‘personal data’ means any information relating to an identified or identifiable natural person (‘data subject’); an identifiable natural person is one who can be identified, directly or indirectly, in particular by reference to an identifier such as a name, an identification number, location data, an online identifier or to one or more factors specific to the physical, physiological, genetic, mental, economic, cultural or social identity of that natural person;

We know from EU case law that this also includes IP-addresses, since such online identifiers indirectly makes people who is visiting such a publicly available personal blog identifiable.

Also, note that the scope of the GDPR is processing of personal data. This is defined in GDPR Article 4 defintion 2:

‘processing’ means any operation or set of operations which is performed on personal data or on sets of personal data, whether or not by automated means, such as collection, recording, organisation, structuring, storage, adaptation or alteration, retrieval, consultation, use, disclosure by transmission, dissemination or otherwise making available, alignment or combination, restriction, erasure or destruction;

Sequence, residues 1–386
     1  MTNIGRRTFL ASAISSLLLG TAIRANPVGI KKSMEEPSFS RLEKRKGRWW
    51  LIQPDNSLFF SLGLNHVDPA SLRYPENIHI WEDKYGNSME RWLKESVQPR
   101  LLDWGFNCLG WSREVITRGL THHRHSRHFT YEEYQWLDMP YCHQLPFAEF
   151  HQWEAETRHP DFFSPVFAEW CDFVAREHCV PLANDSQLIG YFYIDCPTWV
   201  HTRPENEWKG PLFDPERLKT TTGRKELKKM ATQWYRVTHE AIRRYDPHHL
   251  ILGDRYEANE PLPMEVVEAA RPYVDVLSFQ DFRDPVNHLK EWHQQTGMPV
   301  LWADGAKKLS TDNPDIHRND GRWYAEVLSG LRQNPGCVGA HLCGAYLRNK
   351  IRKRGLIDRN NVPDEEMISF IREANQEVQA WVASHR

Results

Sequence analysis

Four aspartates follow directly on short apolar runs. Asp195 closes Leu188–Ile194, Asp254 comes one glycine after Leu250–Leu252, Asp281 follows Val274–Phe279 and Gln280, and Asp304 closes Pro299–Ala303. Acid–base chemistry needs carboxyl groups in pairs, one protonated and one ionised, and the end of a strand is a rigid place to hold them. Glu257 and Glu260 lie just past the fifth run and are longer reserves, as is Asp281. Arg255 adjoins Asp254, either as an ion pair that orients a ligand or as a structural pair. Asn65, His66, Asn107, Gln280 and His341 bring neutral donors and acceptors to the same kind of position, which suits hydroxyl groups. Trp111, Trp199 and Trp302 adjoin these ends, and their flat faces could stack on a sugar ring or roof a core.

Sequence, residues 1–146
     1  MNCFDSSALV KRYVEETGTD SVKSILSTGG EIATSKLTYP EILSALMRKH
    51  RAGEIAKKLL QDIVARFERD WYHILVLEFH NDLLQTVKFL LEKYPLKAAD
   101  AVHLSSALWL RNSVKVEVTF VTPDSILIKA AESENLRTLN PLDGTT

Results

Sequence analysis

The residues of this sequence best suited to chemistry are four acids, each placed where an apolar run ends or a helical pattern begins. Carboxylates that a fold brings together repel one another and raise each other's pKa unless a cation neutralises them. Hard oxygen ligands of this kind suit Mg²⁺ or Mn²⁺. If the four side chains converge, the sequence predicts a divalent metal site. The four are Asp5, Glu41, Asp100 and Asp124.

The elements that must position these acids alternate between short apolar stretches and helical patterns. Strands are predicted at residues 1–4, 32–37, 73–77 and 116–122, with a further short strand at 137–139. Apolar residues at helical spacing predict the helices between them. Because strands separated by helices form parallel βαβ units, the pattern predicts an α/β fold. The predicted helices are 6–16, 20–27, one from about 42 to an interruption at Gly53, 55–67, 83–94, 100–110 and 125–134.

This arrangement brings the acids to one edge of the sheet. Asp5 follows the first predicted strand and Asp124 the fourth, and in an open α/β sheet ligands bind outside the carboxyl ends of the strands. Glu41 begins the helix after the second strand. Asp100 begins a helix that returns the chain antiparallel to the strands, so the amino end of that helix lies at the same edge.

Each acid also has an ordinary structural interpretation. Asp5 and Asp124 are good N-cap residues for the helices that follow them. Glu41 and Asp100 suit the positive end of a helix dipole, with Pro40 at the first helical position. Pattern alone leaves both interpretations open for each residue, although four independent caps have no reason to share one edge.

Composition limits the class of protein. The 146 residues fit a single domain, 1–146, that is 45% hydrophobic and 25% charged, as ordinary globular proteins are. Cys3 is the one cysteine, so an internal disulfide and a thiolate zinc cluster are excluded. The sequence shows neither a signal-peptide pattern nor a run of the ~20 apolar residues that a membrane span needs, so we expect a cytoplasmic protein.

Some critics of the GDPR have objected that such a definition of ‘processing’ is over-reaching. However, it being over-reaching does not mean that we should ignore it.

In conclusion, I would like to link to two seminal cases heard by the ECJ:

Central to both cases was the question of whether the processing activities of an individual was covered by personal use exemption under article 3(2) of Directive 95/46. In both these cases, the ECJ took an extremely restrictive view, and concluded that the personal use exemption did not apply to the processing done by these individuals.

The questions is: Is it possible for a publicly accessible, personal blog to make use of the personal use exception of the GDPR to avoid having to comply with the regulation? If "yes": What need to be considered by its owner?